“I hate advertising. It’s interruptive,” Wiegand explains. “Hopster abides by the same philosophy of giving back advertising dollars to the user or some value back to us. If we’re going to be interrupted with advertising, give us some value.”
It took less than 18 months for Jellyfish to lure a suitor. Microsoft (NASDAQ: MSFT) acquired the company for a reported $50 million in October 2007, and the Middleton firm’s platform provided part of the framework for Microsoft Bing Shopping. (Microsoft ended up dropping Jellyfish’s cash-back feature in favor of a points reward system, Wiegand says.)
“It was a really tumultuous time for them to try to fit into the world with Google,” Wiegand says. “We got caught in that whirlwind of excitement, and it resulted in a nice exit for us.”
Wiegand and McGuire’s winning streak ended with their next venture, Alice.com, an online marketplace for selling household goods like toilet paper and toothpaste directly to consumers. Alice raised more than $20 million in venture capital and quickly grew to $12 million in annual revenue, Wiegand says.
The startup’s primary goal, Wiegand says, was to help brands like Unilever and Johnson & Johnson create direct relationships with end customers, something that’s difficult to cultivate in a consumer-goods economy dominated by supermarket chains.
Alice also provided an opportunity for brands to control pricing of their products on the site, theoretically selling for less than at retail. That could have meant competition for retailers like Walmart and Target that sell their cheaper private-label consumer goods on store shelves right next to the brand-name equivalents.
But this disruptive shift never really materialized, according to Wiegand. Clients started saying they would need to treat Alice like any brick-and-mortar retailer, meaning it would have to buy the goods, rather than simply list them online as a middleman, a la eBay (minus the auctioning), he says.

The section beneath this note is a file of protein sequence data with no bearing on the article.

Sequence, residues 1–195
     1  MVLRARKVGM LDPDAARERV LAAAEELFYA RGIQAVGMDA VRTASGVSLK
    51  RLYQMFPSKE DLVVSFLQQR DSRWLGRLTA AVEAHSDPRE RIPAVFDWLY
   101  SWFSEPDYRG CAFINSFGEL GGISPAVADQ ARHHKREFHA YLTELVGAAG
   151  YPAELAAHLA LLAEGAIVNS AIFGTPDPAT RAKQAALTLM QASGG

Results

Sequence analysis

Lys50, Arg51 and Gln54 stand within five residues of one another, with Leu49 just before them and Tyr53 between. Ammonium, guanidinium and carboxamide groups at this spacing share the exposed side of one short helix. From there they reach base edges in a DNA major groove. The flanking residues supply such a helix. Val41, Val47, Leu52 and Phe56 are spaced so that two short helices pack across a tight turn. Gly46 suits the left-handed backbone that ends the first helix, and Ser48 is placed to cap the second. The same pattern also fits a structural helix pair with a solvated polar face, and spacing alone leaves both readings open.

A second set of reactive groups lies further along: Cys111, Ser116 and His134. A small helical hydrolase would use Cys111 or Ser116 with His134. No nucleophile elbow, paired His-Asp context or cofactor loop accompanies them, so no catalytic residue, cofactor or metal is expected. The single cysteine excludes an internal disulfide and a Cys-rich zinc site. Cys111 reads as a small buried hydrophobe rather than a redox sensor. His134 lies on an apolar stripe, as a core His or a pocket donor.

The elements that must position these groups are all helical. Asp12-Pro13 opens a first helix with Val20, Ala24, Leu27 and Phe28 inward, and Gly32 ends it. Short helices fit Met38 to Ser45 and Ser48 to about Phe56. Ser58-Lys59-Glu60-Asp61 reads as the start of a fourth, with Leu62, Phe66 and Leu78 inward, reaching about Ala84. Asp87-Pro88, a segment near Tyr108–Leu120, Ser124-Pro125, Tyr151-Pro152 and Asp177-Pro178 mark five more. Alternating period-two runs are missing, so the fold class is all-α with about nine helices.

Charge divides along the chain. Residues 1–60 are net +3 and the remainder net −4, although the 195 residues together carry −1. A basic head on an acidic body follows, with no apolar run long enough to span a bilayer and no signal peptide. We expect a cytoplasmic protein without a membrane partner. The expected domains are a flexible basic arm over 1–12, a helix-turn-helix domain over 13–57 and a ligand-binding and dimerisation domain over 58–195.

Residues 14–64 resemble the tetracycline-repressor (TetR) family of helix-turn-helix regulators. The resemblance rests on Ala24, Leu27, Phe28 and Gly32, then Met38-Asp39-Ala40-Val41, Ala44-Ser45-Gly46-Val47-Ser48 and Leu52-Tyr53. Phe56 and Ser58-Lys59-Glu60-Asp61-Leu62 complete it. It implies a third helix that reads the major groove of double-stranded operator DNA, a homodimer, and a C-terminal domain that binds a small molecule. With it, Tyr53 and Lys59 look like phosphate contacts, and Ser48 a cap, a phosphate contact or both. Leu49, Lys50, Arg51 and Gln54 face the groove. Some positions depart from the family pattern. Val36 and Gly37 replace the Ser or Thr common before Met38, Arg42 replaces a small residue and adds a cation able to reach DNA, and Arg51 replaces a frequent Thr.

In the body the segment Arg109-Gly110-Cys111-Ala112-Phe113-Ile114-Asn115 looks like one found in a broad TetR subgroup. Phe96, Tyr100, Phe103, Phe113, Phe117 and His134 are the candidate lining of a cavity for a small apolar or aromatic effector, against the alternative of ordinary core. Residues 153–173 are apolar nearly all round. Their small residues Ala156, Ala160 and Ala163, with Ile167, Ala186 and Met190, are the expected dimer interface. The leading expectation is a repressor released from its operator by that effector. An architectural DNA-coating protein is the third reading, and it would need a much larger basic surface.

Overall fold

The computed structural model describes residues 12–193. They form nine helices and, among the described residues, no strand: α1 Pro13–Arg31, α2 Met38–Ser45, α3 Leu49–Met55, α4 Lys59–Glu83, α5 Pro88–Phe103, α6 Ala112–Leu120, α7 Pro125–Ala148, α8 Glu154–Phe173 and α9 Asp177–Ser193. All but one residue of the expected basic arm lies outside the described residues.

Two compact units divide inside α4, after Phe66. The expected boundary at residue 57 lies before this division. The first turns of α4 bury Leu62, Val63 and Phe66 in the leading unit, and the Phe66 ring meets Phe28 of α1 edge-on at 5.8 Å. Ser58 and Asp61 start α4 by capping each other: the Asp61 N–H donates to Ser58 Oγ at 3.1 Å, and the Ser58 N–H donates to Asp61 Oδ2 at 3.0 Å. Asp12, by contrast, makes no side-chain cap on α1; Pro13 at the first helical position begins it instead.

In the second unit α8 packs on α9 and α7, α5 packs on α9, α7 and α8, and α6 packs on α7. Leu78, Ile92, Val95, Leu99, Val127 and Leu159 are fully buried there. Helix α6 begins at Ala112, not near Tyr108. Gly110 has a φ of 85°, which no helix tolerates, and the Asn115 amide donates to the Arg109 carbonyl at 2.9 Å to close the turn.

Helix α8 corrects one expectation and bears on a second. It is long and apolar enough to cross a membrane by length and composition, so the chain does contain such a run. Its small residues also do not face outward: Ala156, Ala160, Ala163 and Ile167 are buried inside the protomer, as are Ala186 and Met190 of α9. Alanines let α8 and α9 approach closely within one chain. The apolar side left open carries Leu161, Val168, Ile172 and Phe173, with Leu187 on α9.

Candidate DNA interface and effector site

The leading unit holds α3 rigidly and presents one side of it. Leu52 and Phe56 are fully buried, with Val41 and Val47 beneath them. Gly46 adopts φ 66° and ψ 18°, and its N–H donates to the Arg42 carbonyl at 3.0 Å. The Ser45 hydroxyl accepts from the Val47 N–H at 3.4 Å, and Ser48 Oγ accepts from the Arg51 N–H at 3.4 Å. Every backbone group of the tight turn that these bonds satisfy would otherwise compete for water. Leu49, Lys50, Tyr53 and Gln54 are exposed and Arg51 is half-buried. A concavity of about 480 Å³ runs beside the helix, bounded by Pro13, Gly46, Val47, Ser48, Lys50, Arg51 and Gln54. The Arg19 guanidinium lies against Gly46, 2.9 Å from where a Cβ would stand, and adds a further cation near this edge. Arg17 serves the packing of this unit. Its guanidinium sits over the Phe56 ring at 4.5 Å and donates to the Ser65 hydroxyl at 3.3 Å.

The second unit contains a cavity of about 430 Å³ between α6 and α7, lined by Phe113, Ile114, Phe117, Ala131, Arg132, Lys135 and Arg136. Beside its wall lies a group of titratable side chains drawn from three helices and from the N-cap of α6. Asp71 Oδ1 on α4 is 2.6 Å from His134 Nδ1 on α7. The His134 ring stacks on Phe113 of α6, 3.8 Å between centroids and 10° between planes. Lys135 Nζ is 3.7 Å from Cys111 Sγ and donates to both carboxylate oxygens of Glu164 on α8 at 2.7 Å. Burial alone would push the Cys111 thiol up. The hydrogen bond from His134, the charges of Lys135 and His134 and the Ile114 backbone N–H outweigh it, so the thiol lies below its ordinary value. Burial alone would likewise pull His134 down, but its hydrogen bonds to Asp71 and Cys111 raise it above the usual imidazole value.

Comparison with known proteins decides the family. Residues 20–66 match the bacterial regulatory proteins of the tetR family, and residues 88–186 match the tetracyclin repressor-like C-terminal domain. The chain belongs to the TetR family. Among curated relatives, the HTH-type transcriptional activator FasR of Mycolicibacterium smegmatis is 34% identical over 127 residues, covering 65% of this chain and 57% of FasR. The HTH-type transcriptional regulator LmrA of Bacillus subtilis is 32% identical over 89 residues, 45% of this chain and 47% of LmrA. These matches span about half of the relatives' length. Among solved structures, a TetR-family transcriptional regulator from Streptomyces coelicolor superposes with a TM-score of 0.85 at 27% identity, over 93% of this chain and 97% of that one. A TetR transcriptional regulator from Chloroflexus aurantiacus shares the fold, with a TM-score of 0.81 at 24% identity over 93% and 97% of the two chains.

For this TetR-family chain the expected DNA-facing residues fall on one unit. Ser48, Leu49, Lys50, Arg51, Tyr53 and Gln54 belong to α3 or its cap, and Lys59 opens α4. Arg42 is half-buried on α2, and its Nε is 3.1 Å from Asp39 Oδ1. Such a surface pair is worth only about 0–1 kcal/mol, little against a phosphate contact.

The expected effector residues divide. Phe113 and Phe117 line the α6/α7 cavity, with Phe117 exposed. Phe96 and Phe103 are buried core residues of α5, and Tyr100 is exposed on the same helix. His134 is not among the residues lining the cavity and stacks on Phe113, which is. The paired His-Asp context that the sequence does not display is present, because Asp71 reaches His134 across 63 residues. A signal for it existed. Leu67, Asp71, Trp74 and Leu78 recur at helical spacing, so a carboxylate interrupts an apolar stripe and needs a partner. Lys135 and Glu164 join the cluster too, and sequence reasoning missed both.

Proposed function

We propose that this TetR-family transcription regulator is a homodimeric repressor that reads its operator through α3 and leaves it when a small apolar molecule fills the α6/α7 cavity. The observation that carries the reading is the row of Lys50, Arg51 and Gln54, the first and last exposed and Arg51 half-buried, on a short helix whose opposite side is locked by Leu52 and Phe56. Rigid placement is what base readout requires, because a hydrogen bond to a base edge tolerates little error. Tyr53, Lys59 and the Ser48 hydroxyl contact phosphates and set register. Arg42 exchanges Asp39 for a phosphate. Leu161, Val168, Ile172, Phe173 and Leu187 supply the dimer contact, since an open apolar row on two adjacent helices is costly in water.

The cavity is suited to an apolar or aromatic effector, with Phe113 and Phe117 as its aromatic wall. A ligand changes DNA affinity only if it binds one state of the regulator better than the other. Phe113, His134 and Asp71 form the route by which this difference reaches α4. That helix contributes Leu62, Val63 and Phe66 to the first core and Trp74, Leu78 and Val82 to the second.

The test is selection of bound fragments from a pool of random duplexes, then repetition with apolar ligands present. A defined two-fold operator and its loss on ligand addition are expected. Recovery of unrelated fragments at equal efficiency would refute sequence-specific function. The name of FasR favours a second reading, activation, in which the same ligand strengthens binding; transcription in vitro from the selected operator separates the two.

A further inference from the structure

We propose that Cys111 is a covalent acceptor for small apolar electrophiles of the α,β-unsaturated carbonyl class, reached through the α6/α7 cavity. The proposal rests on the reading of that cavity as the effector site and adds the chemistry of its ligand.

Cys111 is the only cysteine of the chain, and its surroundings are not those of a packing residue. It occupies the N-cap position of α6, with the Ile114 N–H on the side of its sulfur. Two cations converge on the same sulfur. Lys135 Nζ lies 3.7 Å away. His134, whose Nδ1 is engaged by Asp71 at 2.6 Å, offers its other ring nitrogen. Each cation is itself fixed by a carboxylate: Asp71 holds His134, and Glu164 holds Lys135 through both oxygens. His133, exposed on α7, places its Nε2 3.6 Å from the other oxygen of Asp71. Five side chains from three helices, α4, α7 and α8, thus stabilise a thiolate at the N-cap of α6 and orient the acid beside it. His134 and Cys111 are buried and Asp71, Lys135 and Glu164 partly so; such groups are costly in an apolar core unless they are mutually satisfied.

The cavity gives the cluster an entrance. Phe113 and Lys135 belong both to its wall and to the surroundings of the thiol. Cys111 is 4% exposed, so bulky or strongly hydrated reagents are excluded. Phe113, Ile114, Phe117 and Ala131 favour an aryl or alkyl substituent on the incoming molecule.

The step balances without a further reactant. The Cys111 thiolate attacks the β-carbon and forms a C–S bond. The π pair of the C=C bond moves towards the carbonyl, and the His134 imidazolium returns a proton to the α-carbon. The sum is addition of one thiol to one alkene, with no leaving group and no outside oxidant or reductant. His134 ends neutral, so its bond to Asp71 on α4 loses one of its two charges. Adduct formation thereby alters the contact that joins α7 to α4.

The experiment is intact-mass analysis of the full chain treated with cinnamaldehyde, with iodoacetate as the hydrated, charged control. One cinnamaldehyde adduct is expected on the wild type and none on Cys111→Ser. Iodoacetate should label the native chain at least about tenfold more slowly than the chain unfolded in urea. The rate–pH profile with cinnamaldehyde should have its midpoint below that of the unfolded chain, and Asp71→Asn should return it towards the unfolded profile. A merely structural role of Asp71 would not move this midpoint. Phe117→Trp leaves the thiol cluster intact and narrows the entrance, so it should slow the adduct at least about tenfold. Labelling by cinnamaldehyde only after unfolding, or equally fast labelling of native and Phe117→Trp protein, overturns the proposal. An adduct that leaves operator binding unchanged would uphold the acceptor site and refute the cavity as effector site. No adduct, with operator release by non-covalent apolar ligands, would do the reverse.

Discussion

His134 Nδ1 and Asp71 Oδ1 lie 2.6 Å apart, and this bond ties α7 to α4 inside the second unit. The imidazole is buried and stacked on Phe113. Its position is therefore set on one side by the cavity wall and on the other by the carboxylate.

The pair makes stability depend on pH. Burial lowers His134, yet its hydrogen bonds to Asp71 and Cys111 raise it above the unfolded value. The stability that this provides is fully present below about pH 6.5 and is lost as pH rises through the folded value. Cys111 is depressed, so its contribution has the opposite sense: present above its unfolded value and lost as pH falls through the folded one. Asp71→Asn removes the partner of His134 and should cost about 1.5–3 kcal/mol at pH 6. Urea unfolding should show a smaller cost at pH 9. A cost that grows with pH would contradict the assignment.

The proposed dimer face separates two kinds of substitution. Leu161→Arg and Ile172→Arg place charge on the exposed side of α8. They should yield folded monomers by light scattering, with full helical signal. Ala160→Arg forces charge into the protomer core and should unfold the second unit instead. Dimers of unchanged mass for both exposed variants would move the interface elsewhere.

“The brands, for some unknown reason, didn’t capitalize on the market opportunity they had, and started to force this down a traditional ecommerce retail model,” Wiegand says.
After a few years, Alice shut down—proving that “you can’t be perfect” in entrepreneurship, Wiegand says.
“It’s a really fine line between success and failure,” Wiegand says. “I felt like we executed really well.”
After Alice, Wiegand and McGuire went their separate ways, but perhaps not forever. While eating breakfast together recently, Wiegand says McGuire told him he “absolutely” would join forces on another startup. But right now, McGuire is also busy running his own venture, the private social network Nextt, which has raised $700,000 from investors, according to SEC filings. (Wiegand and McGuire have invested in each other’s startups.)
“I blend really well with him. He’s a great guy,” Wiegand says. “But I think he wanted to give it a shot to try on his own. I really respected that.”
Meanwhile, with Hopster, Wiegand is trying to shake up a coupon industry that has stayed largely static over the past century—92 percent of the $150 billion market is still in paper form, he says.